MITOS system takes as input text of news belonging to various thematic domains, varying from finance to sports and politics (see Fig. 1). The Information filtering sub-system classifies news texts into predefined thematic domains in the field of economics and finance. The Information extraction sub-system takes as input the classified news, identifies those referring to specific events, extracts from them the interesting features and stores the results into the MITOS database. End-users interact with the system through a web interface. User interface functionality is enhanced by the user modelling sub-system that tracks user’s actions and stores information about the user's interests and preferred search options.

MITOS is a distributed system. Its subsystems can reside in different servers and communicate via the TCP/IP protocol [8] (see Fig.1). In its current implementation, MITOS front-end, i.e. the user interface, resides in the main server under the Solaris Operating System. The user interface module (developed mainly using PHP, JavaScript and HTML) works under an Apache Web Server, installed on the same server. The MITOS database (PostgreSQL) containing the results of the information filtering and extraction sub-systems is also on the Solaris server. The MITOS back-end, i.e. information filtering, information extraction and user modelling sub-systems, have been installed on a Windows NT Server. The User Modelling module works under Microsoft’s Internet Information Server and communicates with the user interface module via HTTP GET actions.


Figure 1. MITOS Architecture

The Information Filtering sub-system consists of a set of tools that acquire thematic domains’ models from a news database (training corpus), and classify new texts into their corresponding domains [10]. More specifically, the Information Filtering Module consists of:

The Information Extraction sub-system extracts important features from the classified news texts. This is performed using several processing stages [9, 10]: The Information Extraction sub-system includes also tools supporting its customisation to new event types.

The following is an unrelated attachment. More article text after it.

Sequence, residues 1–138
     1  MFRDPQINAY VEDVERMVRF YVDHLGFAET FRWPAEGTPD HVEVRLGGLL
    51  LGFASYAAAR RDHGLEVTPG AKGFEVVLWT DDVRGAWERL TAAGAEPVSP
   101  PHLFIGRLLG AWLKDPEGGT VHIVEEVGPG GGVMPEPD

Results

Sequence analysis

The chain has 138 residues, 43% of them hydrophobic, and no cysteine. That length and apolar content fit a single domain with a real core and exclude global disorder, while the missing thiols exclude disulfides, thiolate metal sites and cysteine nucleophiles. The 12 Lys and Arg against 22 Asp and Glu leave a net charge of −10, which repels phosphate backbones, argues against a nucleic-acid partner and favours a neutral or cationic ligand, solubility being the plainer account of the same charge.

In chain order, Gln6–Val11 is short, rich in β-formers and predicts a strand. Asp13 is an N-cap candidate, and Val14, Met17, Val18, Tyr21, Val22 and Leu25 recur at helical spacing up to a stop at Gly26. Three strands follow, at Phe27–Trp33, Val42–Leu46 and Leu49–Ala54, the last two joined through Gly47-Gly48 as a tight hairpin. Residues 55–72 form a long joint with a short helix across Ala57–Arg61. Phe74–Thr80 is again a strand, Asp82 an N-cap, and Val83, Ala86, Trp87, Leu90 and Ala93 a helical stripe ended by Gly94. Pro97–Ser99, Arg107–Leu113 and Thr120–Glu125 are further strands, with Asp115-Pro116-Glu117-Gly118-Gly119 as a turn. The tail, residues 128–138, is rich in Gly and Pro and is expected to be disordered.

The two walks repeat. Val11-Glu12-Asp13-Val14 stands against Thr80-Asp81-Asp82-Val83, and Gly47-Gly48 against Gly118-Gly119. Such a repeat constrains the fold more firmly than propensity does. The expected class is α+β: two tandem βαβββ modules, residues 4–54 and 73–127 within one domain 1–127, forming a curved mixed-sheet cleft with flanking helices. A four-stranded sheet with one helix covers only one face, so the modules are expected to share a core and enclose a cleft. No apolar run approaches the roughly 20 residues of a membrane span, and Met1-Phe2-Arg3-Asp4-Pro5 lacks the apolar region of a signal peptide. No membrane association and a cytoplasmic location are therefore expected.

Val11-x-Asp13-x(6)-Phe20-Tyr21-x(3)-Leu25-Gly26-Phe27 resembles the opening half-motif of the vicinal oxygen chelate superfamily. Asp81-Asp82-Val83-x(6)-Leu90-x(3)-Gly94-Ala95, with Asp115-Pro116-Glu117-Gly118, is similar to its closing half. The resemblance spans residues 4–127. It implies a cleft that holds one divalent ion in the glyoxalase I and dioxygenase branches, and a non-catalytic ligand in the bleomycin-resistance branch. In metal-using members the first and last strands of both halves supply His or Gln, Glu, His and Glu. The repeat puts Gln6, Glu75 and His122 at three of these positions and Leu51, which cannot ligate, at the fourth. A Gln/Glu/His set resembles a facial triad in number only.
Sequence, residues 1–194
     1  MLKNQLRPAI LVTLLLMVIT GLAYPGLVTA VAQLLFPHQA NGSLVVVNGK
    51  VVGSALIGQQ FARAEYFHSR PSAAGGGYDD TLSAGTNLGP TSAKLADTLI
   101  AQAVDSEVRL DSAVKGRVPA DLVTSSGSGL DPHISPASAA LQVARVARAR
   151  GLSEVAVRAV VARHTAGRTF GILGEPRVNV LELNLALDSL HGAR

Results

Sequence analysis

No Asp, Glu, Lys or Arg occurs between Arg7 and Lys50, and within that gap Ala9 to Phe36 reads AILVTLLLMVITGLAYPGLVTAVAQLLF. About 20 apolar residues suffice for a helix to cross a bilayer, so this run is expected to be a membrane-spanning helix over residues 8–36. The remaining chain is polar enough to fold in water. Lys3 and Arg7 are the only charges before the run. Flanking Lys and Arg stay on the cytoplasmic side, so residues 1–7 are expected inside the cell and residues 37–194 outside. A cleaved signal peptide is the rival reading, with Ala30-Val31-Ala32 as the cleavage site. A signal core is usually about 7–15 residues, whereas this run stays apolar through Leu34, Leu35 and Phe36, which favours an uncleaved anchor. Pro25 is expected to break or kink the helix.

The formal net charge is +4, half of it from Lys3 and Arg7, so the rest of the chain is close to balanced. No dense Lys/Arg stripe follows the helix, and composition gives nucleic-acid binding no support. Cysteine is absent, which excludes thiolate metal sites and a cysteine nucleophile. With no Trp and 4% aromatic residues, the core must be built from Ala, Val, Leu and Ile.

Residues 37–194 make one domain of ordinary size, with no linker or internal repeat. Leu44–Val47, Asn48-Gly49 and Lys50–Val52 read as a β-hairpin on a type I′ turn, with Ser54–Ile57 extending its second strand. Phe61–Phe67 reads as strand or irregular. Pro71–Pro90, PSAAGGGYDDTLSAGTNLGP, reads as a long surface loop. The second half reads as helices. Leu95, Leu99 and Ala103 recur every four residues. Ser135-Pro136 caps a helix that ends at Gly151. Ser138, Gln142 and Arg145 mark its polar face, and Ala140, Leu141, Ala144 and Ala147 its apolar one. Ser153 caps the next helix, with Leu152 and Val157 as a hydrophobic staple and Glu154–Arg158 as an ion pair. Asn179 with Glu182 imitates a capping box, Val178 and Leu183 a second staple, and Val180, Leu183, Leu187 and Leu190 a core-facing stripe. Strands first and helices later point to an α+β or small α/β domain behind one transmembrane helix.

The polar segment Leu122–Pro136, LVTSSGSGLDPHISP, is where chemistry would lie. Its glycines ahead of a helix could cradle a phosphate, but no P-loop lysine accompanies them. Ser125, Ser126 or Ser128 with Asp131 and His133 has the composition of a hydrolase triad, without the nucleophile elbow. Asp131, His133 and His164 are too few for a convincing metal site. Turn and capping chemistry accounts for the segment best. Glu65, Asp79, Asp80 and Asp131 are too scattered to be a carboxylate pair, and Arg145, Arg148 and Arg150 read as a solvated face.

MITOS' User Modelling sub-system [6] keeps track of the user's selections each time he/she posts a search query, in order to determine the user's preferences and adjust some of the user interface's options according to these preferences. MITOS uses a long-term model approach, based on the assumption that user preferences are expected to appear after a period of system usage. Apart from creating a personal user profile, the user modelling sub-system also creates group profiles, the user communities [12]. A community corresponds to a group of users who exhibit common behaviour in their interaction with the system. Model creation for personal profiles is performed on-line whereas the creation of user communities is performed as a batch process.

3. Functionalities Provided to the end users

The design of the user Interface was based on the users’ requirements, specified in the first phase of the project [7]. Our objective was not only to exploit the information processing capabilities offered by MITOS technologies, but also to accomplish the desirable user satisfaction. We developed a web-based user interface, using JavaScript-enhanced HTML forms for query formation (visit MITOS web site at http://mitos.kapatel.gr). Considering that added value is not gained merely through large quantities of data on a site, but through easy access to the required information, we tried to design and develop a usable and friendly user interface that would facilitate the retrieval and management of analysed data.

Aiming to provide an intelligent data repository of analysed financial news, MITOS offers an efficient way of searching and retrieving the appropriate information. It allows users to exploit the categorization of news, as well as their presentation in a summarized form. Three different search modes are provided: simple search, advanced search and search based on the selection of companies’ names.

The `Simple Search' mode enables users to look for news related to the categories of their choice (see Fig. 2). This way of searching is based on the classification of financial news, conducted by the use of Information Filtering techniques. Fourteen categories have been identified as the most representative thematic domains. Users can select the categories of their interests (e.g. mergers and acquisitions) and retrieve all financial news belonging to them. In order to limit the amount of information retrieved, users can specify additional terms of search such as a date or a period of time that they prefer. Moreover, users can further increase the accuracy of their search by forming complex boolean queries of keywords, using AND/OR/NOT/NEAR operators. This additional feature can be provided, since the analysis and processing of information enabled the determination of keywords characterizing the financial news. The simple search results are presented in a list that includes the date and title of financial news in a chronological order. The latter helps users to quickly identify and select to read the full text of news that interest them the most.

The `Topic Search by Company Name' mode enables users to select the thematic domains of news they prefer as well as one or more company names from a multi-selection list. In order to further limit their request users can also specify a date or period of time (see Fig. 3).